Walking through Millennium Gate on a Monday morning, evidence of that past is everywhere—from the Sam Kee Building (dating to 1913, it’s billed as the world’s narrowest building) to the Chinese Freemasons Building (built in 1907, it was a hotbed of Chinese politics in its early years). Equally evident are some of the neighbourhood’s many 21st-century problems, including shuttered storefronts and homeless men camped out under shop awnings.
I meet Carol Lee outside her Chinatown BBQ on Pender, shortly after 11 a.m. After a couple of minutes struggling to unlock the padlocks and swing open the iron door that protects her award-winning restaurant, she ushers me into the brightly coloured room, and we take a seat at one of the cozy green banquettes at the far back. The walls are adorned with black-and-white photos of some of the neighbourhood’s pioneers, including her very own grandparents.
“The purpose of this restaurant is revitalization,” says Lee, returning from the open-concept kitchen to serve me some tea. “It’s to help revitalize Chinatown and build community—which is very different from many new restaurants. I wasn’t like, oh, I need to make a lot of money here.”
Lee, who opened the 48-seat diner in November 2017, is almost single-handedly trying to return Chinatown to its glory days of the 1950s, ’60s and ’70s—back when the streets were full of vibrant local businesses, and families gathered each weekend to socialize and eat.
She operates a cosmetics business, Linacare, from the third floor of the Lee Building (owned by her family since 1921) just across the street. There, on the main level, she runs a social enterprise shop, Chinatown Vintage; farther east on Pender, Lee hopes to open her second restaurant—a resurrected Chinatown icon, Foo’s Ho Ho—this summer. A few steps to the west, in June, she’s launching the Chinatown Storytelling Centre, located in an old Bank of Montreal branch. Add in a refurbished low-income seniors’ home at the May Wah Hotel and a new 230-bed social housing project at 58 West Hastings (where she expects to break ground this spring or summer), and it’s clear, if nothing else, that Lee won’t be sleeping much in 2020.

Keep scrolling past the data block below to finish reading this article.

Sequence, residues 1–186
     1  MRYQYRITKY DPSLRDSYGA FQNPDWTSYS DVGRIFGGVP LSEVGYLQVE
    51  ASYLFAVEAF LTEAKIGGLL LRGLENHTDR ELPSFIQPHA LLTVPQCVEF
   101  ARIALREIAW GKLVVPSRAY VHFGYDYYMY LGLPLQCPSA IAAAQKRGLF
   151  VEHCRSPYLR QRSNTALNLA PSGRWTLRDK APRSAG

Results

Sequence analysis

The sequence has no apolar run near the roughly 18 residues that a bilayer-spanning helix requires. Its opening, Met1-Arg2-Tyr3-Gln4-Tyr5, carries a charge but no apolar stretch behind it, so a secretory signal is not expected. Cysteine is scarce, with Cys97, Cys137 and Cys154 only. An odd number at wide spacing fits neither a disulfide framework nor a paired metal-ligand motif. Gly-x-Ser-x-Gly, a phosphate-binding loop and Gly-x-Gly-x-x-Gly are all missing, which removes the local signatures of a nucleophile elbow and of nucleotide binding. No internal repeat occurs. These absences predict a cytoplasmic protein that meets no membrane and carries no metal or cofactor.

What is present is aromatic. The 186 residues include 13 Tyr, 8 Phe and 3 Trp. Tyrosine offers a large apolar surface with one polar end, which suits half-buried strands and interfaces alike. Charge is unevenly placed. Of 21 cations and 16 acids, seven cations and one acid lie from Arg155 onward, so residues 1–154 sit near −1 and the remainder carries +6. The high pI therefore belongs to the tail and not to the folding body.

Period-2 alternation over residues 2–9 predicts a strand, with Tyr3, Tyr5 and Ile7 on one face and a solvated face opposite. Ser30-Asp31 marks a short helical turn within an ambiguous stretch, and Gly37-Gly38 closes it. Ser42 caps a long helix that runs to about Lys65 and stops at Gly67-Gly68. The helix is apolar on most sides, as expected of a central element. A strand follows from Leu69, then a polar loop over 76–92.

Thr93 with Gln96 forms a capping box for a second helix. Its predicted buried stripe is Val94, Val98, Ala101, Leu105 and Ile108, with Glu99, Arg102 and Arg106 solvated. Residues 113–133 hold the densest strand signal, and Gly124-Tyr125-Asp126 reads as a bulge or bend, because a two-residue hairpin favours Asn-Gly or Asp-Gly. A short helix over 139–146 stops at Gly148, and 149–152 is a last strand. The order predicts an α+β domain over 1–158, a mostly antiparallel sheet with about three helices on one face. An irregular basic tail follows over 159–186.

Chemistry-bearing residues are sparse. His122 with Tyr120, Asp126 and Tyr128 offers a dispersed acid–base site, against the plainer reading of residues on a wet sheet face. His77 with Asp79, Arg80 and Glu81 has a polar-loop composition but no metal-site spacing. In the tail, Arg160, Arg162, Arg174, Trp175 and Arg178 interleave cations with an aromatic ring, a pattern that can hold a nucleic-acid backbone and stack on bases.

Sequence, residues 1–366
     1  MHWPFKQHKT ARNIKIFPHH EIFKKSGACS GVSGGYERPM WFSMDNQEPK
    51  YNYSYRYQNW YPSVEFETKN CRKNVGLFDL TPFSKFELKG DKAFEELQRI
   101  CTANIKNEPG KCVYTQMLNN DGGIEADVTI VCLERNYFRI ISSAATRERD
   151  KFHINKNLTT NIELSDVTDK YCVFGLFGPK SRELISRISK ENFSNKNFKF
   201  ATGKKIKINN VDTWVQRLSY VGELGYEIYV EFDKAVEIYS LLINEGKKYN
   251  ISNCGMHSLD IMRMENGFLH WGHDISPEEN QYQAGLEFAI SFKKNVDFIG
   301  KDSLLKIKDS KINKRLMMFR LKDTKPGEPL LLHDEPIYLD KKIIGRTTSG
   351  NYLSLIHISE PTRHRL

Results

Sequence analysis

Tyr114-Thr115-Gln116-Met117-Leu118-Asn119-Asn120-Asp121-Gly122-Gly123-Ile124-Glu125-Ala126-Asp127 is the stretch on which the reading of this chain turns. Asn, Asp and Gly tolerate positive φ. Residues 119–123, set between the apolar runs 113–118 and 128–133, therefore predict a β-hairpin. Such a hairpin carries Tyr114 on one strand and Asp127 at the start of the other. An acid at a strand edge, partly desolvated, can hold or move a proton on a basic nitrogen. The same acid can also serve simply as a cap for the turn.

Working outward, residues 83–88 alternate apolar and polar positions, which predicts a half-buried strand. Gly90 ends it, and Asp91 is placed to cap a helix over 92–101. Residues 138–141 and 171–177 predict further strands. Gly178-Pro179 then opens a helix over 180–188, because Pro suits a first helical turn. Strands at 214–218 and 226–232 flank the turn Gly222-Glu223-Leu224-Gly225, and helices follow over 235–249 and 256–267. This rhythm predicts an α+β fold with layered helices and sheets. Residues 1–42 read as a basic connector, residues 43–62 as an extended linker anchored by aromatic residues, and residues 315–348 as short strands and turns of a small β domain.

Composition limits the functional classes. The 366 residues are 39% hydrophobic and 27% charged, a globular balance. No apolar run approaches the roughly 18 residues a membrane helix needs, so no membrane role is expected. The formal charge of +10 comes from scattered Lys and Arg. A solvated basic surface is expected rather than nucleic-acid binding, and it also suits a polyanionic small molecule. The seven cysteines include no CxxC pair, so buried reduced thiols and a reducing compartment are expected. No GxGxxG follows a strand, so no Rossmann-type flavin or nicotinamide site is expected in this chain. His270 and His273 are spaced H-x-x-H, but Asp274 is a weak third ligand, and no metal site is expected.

Whether it’s her personal business projects (the restaurants) or the more public-oriented work of her Vancouver Chinatown Foundation (launched in 2011, the non-profit is behind the Storytelling Centre, the May Wah, and 58 West Hastings), Lee sees everything through the lens of history: “It’s about connecting things back to the past so that you can understand where you want to go—how you want to go forward.”